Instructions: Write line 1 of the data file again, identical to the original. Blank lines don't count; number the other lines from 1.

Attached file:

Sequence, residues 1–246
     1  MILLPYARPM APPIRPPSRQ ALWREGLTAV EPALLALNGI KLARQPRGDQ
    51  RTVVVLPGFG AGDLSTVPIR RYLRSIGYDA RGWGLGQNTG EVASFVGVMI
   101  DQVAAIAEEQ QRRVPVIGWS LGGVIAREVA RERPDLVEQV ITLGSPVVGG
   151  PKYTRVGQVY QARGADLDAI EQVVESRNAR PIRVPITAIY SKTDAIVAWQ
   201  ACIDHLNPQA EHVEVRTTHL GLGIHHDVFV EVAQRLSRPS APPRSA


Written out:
Sequence, residues 1–246